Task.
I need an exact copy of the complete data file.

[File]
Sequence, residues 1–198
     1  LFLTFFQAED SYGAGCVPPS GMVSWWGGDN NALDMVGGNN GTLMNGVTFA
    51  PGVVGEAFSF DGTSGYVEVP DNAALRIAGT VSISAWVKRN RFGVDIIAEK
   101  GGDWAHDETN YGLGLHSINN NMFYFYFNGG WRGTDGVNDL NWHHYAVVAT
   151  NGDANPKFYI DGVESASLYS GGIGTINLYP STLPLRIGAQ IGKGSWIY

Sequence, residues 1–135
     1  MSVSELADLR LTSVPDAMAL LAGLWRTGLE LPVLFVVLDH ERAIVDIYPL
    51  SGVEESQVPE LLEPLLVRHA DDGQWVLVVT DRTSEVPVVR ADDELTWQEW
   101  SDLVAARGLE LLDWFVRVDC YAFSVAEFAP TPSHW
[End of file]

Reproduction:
Sequence, residues 1–198
     1  LFLTFFQAED SYGAGCVPPS GMVSWWGGDN NALDMVGGNN GTLMNGVTFA
    51  PGVVGEAFSF DGTSGYVEVP DNAALRIAGT VSISAWVKRN RFGVDIIAEK
   101  GGDWAHDETN YGLGLHSINN NMFYFYFNGG WRGTDGVNDL NWHHYAVVAT
   151  NGDANPKFYI DGVESASLYS GGIGTINLYP STLPLRIGAQ IGKGSWIY

Sequence, residues 1–135
     1  MSVSELADLR LTSVPDAMAL LAGLWRTGLE LPVLFVVLDH ERAIVDIYPL
    51  SGVEESQVPE LLEPLLVRHA DDGQWVLVVT DRTSEVPVVR ADDELTWQEW
   101  SDLVAARGLE LLDWFVRVDC YAFSVAEFAP TPSHW